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The Champion of Auschwitz review - Polish movie based on a boxer's memoir | reviews, news & interviews

The Champion of Auschwitz review - Polish movie based on a boxer's memoir

The Champion of Auschwitz review - Polish movie based on a boxer's memoir

Classically filmed feature focuses on the experience of non-Jewish prisoners

Prisoners convert the former Polish army barracks into the notorious death camp

It’s a little hard to tell if this film was really intended for an international release, given that its heart is so set on making Polish movie-goers proud of their countrymen. The Champion of Auschwitz recounts the true story of Tadeusz "Teddy" Pietrzykowski, a young bantamweight boxing champion from Warsaw who in 1940 was captured by the occupying Nazis as he tried to join the Polish army in Fra


He was one of the first wave of political prisoners sent to Auschwitz, who were used as slave labour to reconfigure the old Polish army barracks into a death camp. Pietrzykowski survived the war by boxing against a series of prisoner and guard opponents for the entertainment of the camp commandants. boxer Champion of Auschwitz"Teddy" is played by Polish heart-throb Piotr Glowacki (pictured above), here suitably scrawny and battered to take on the role. The actor has a touch of the Hugh Jackmans about him, and he is as convincing in the ring as he is outside it. This may not be Raging Bull, but its fight scenes are very well staged. Compassionate and tough, Teddy takes another prisoner, Janek (a boyish Jan Szydlowski), under his wing and becomes hugely popular for sharing his extra rations with the other inmates.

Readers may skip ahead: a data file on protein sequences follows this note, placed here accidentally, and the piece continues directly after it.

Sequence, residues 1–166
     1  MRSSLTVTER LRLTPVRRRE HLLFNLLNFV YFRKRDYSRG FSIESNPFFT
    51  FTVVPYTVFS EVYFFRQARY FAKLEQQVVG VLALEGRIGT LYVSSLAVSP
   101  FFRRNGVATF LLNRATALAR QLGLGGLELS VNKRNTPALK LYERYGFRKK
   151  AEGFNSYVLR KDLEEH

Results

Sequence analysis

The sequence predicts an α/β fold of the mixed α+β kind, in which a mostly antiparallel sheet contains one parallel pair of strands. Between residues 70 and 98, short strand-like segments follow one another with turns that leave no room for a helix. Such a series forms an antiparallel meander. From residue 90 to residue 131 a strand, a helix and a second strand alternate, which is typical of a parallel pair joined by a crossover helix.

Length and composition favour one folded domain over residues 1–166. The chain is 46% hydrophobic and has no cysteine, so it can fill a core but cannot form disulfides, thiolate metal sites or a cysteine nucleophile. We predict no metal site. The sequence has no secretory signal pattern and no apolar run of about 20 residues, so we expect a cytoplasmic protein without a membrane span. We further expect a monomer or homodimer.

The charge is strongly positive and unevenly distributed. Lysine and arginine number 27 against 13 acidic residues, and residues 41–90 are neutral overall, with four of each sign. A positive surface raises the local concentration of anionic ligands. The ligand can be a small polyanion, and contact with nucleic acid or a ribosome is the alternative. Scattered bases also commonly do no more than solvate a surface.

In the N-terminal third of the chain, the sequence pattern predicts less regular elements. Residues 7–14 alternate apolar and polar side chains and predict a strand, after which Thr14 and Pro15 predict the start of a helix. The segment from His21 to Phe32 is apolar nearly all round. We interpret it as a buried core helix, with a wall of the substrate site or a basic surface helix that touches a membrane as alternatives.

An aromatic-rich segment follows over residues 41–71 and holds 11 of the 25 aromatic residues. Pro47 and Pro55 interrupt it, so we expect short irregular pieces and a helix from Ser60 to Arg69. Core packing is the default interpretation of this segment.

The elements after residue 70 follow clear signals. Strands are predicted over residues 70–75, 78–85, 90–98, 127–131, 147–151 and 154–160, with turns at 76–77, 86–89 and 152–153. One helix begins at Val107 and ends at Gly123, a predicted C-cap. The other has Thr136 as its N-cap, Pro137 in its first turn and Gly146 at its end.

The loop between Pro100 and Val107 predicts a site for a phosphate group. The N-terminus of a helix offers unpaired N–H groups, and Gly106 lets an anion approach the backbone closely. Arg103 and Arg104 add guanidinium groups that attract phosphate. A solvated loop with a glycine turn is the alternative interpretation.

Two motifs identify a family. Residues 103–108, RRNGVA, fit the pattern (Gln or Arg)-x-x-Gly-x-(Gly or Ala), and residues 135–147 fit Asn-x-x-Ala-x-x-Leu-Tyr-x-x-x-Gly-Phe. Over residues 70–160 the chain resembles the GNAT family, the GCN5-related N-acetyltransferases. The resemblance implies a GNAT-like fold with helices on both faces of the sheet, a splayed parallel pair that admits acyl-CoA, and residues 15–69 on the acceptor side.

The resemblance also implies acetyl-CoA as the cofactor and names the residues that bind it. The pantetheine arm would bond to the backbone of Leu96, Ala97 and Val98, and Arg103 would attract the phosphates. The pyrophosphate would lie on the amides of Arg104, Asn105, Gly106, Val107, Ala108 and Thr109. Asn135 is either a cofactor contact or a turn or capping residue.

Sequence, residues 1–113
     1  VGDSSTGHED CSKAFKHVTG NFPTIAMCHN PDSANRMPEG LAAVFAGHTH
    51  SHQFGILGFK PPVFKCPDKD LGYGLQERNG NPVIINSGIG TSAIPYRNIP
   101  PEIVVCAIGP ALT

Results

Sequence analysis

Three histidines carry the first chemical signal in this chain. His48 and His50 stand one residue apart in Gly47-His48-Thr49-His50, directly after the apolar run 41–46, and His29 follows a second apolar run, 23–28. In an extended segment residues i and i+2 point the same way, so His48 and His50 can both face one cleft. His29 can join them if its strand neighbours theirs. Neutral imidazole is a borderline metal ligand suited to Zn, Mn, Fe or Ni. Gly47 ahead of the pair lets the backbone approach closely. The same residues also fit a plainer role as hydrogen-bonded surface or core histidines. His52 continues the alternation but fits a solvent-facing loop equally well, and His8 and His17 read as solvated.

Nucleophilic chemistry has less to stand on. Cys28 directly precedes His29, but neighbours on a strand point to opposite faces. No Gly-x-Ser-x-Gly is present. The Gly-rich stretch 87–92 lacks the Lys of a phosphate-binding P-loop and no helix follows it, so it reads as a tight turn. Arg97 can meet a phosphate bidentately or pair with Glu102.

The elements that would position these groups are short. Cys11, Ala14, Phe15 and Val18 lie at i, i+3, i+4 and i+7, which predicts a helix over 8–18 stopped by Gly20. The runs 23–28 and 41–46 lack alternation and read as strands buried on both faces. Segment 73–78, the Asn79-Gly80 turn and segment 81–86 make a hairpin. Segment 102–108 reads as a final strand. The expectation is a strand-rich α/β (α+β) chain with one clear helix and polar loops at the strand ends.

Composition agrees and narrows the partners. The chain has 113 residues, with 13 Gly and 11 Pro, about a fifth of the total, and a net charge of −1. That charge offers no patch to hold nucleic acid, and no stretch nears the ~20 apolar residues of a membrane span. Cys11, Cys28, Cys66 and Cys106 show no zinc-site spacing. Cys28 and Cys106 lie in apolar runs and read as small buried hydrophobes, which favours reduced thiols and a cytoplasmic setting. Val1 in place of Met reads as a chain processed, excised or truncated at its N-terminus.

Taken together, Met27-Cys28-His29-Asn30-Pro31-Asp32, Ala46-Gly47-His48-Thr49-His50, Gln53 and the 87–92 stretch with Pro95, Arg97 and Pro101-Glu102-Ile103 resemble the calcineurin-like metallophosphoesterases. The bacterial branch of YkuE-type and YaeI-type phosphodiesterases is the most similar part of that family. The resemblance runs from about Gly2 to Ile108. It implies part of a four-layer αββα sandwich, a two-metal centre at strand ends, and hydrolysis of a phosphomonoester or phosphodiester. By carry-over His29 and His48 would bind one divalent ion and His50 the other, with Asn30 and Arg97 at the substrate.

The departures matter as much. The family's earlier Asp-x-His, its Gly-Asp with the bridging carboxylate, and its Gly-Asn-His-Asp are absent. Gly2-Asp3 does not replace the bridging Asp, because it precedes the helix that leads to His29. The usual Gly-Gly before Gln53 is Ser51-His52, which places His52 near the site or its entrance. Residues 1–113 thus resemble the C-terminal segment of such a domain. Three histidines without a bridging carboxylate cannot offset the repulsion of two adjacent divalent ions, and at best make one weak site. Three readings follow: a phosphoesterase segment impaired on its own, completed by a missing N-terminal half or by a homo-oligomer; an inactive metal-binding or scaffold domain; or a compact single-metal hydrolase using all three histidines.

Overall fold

Marcus Barczewski directs in a conventional style – this is no Son of Saul with its disturbingly immersive vision of life in the camps – but it's handsomely shot. All the expected themes and tropes are here. There are sadistic sonderkommandos (prisoner guards) all too keen to inflict torment on their fellow Poles to please their Nazi masters. There are brave nurses in the infirmary and comradeship in the decrepit barracks contrasting with scenes of the luxurious life led in the Commandant’s villa. While Poland’s Jews (the predominant victims of Auschwitz-Birkenau) are not ignored – we see them being led to the entrance of the gas chambers, followed by Zyklon B being poured into the chimneys, and we hear their desperate final moments – they are very much not the focus of this film, which may be hard for some audiences. 

The Champion of Auschwitz is considerably better than 1989’s egregious Triumph of the Spirit, the other film based-on-a-true story about a boxer surviving Auschwitz. The film’s American producer, Arnold Kopelson, managed to persuade the Polish authorities who preserve Auschwitz to let him shoot the film on the site itself – a favour denied Steven Spielberg when he made Schindler's List. Kopelson told me when I filmed an interview with him about his film that the boxer Salamo Arouch (played by Willem Dafoe) and the prisoners around him (all Jews from Thessaloniki in Greece) were purposely never described as Jewish in the script because he wanted Triumph of the Spirit “to be a universal story”. Shameful.

There’s an emphasis on Catholic faith in The Champion of Auschwitz with the repeated appearance of a carved wooden angel, but the film’s tone is not too evangelical even if its ultimate aim is to emphasise Poland’s history of oppression by the Nazis rather than any uncomfortable complicity in the Holocaust.

Marcus Barczewski directs in a conventional style - this is no Son of Saul with its disturbingly immersive vision


Editor Rating: 
Average: 3 (1 vote)

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